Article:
Guidance for Staff

Guidance for Staff

Records and Information Management

  • Records and Information Management is the process by which the University manages all the elements of records and information generated in any format or media type, from their inception/receipt through to their disposal. 
  • Implementing good records and information management practices:
    • will ensure that the University produces and manages information that is authentic, accurate, credible and reliable
    • will assist the University in complying with the Freedom of Information (Scotland) Act 2002, the Data Protection Act 1998, and the Environmental Information (Scotland) Regulations 2004
    • provides evidence of people’s rights and entitlements
    • providing evidence of and reasoning for decisions made
  • The Records and Information Management Service (RIMS) provides advice and guidance on all aspects of managing the University's records

Consult our detailed guidance on records and information management for further information, including a range of best practice guides and SDS-run training courses.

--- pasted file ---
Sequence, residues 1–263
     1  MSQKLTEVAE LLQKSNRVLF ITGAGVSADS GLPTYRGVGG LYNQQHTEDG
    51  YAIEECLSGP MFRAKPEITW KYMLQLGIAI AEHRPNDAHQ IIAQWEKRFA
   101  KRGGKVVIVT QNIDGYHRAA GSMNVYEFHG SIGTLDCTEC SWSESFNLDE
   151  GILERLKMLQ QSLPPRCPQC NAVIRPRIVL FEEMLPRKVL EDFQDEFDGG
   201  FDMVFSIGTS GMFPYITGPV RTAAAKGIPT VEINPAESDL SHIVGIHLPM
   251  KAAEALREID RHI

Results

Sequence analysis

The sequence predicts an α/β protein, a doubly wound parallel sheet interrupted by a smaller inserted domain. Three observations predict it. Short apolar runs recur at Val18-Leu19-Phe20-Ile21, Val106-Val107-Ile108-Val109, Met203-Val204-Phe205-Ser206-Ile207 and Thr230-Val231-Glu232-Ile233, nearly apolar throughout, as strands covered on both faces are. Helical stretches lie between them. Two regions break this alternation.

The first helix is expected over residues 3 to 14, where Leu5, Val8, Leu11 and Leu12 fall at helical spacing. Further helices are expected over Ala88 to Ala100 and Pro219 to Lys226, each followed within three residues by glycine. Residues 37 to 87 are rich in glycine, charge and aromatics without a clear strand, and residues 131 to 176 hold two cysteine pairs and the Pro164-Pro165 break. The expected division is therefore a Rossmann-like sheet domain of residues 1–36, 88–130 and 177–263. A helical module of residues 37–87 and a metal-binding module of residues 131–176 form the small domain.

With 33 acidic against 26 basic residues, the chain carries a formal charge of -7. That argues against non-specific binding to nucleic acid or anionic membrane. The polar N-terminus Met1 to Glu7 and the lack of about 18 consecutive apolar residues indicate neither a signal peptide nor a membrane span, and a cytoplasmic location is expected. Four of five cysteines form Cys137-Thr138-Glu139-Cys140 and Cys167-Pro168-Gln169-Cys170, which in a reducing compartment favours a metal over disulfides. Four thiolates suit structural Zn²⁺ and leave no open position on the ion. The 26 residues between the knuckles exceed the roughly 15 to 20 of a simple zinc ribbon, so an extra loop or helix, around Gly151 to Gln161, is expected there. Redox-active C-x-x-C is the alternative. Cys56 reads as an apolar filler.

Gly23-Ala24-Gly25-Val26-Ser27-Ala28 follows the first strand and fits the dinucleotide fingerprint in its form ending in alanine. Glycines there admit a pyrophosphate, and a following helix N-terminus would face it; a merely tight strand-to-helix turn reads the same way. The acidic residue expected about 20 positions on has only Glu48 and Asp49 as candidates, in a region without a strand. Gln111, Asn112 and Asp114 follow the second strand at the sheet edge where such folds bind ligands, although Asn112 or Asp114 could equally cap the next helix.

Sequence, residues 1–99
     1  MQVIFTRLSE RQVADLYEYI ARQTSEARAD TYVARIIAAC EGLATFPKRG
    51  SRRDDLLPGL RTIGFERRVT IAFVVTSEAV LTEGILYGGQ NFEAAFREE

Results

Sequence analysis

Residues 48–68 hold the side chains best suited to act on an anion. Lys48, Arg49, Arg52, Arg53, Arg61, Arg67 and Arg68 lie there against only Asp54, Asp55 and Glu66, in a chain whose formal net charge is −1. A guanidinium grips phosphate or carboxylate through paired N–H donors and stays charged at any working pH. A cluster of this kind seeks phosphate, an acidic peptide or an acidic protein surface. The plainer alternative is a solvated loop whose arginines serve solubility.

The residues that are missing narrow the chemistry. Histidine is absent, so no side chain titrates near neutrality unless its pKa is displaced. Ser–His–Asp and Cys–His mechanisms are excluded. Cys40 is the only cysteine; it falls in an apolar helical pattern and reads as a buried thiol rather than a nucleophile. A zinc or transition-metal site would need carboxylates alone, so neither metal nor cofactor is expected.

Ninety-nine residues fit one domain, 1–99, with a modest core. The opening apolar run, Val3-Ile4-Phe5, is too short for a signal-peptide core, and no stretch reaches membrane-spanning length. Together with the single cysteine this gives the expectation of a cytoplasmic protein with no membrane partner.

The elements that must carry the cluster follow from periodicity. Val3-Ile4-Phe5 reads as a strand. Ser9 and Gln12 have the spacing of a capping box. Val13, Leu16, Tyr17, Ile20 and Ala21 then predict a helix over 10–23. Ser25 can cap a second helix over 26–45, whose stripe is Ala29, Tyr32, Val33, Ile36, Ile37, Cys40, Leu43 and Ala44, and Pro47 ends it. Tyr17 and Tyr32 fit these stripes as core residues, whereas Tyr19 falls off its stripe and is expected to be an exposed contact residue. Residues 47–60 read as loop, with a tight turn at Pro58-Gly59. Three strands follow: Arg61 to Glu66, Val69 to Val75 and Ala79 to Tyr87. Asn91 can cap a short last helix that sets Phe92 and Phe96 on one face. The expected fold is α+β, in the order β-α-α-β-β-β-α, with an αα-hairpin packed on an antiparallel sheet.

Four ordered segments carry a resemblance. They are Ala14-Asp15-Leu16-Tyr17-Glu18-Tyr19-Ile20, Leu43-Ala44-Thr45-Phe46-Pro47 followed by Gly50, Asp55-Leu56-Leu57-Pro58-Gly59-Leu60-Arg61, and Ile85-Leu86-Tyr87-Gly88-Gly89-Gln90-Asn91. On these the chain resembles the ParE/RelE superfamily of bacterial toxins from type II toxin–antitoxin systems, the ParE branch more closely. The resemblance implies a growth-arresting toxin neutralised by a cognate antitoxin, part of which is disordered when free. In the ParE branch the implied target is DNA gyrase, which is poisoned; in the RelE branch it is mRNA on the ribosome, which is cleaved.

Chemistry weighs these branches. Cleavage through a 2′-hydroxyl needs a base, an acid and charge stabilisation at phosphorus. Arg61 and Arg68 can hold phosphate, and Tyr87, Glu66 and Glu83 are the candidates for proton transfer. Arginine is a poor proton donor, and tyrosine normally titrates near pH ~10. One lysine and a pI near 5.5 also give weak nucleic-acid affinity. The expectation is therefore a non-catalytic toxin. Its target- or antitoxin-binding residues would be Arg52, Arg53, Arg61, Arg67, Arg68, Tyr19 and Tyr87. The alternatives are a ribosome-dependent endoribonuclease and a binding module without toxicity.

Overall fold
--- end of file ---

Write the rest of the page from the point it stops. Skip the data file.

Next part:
Data Protection Act

  • The Data Protection Act 1998 (DPA) gives rights to all individuals, including staff and students, about whom the University holds personal information, and outlines responsibilities to the University regarding that information held.
  • The University is committed to a policy of adhering to the eight basic principles of the DPA.
  • The principles protect the rights of individuals with respect to the processing of their personal data and sensitive personal data, regardless of the format or media in which the personal data is held or, in respect of IT systems utilised for University purposes, the ownership of the equipment.